Inside the main building. There is community rental and office space upstairs.

One of the community organizations using a subsidized space.

The Children’s Art Studio. One of the community organizations using a subsidized space.

There is a well-attended year-round farmers market every Saturday that focuses on organic and sustainable produce. A waiting list of vendors applying to operate there is needed because of demand.

Outdoor Farmers Market stalls on Saturday May 23.

Outdoor Farmers Market stalls on Saturday May 23.

As mentioned, the project cost $19 million and was funded entirely by Artscape, the Federal Government, the Provincial Government, and the City of Toronto. Not one penny of developer money was needed for the project. The area around Wychwood is quite affluent with many streets of million dollar plus homes and but a single apartment building nearby.

The lone apartment building near Wychwood Barns.

The lone apartment building past Wychwood’s grounds and across the road at 580 Christie. As a co-ownership building, it cannot be converted into condos in order to preserve the rare affordable housing it provides for the area.

The impression of Wychwood Barns is one of purposeful activity. The place is a magnet for the area and affluence seems to be the order of the day. It is well attended with hordes of upwardly mobile young professionals, many with children in strollers. Outdoor market stalls sell what you might expect but also esoterica such as fancy mushrooms, sheep yogurt and hemp drinks (all organic of course). There is an art gallery, crafts stalls and even a theatre group engaging in loud, enthusiastic rehearsals in the main barn.

Could something like this work in Weston?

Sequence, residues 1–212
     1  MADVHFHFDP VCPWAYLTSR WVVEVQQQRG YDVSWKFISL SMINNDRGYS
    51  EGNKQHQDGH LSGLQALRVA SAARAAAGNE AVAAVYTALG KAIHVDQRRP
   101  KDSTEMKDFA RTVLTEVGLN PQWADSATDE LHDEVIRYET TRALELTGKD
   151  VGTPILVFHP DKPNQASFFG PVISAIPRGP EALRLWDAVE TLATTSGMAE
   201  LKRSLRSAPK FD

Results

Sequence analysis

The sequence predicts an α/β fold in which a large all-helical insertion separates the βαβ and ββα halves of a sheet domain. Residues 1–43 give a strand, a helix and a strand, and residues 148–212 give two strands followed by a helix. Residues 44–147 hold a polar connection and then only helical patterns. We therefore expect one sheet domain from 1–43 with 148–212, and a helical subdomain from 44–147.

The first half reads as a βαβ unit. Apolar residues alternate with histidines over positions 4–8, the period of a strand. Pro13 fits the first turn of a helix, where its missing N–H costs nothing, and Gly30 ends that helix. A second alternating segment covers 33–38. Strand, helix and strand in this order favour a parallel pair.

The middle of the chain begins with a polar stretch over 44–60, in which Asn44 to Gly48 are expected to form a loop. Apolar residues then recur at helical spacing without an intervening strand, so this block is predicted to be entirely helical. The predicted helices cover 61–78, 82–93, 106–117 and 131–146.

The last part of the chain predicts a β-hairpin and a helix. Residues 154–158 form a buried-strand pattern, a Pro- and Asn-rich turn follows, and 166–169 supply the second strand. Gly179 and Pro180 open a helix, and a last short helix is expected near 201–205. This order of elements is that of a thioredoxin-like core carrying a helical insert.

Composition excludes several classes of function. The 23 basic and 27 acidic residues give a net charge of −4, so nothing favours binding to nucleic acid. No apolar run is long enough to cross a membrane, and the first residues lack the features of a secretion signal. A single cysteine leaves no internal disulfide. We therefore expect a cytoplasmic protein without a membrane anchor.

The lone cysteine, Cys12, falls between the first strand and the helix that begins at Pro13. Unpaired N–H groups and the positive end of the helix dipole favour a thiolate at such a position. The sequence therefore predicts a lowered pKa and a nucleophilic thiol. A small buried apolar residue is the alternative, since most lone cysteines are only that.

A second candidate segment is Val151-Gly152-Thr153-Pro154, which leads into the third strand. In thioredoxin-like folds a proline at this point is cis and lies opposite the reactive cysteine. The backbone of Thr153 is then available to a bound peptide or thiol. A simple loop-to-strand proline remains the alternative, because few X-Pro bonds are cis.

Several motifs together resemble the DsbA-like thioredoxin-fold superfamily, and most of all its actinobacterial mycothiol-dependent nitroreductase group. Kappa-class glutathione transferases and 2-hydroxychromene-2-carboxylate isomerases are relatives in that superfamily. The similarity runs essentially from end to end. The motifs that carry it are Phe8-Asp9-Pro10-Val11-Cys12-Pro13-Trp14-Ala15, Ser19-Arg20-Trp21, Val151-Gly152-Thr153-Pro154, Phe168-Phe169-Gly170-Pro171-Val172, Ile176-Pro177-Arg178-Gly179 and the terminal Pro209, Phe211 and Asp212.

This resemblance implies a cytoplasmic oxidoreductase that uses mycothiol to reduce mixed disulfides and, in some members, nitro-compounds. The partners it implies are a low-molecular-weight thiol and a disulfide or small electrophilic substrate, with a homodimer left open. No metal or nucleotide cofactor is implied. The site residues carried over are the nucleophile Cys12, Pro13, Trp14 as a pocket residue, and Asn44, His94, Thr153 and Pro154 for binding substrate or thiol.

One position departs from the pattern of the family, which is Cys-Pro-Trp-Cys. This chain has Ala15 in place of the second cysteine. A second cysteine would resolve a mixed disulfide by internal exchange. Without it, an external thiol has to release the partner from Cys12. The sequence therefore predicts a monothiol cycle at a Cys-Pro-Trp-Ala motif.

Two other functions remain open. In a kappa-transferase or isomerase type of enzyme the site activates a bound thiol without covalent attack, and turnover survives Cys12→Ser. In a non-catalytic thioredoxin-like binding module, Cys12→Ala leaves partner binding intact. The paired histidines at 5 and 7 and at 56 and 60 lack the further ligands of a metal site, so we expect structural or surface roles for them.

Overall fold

Tomorrow: Artscape’s plans for a Cultural Hub in Weston.

Take a tour inside one of Weston’s landmarks

Everyone loves a little real-estate snooping. The Globe and Mail has a great write-up of one of Weston’s treasures that has just gone on the market. 

The former Odd Fellow’s Hall at 24 Church is for sale for $800,000, and it is spectacular. Nowhere in Toronto could you get a place this lovely for such a reasonable amount (assuming, of course, that it’s not in a bidding war).

In 1893, the Masons borrowed the building for a dinner one February night. Around 10 p.m., local accounts say, the second floor collapsed and 90 people crashed through to the floor below. No one was killed but many were seriously injured in the catastrophe and, after that, the second floor was reinforced with steel beams….

During all of the changes, the Odd Fellows congregated at their lodge building for more than 100 years. In the late 1980s they hired real estate agent Anita Merlo to sell the building.

Ms. Merlo recalls that the neighbourhood was undergoing a transformation at the time and she speculated that builders might want to develop the property. She knew the next-door neighbour was a designer who created props and mannequins. She approached the Ken Albright about buying the property in order to preserve it.

The family quickly agreed.

Thanks to S for the tip.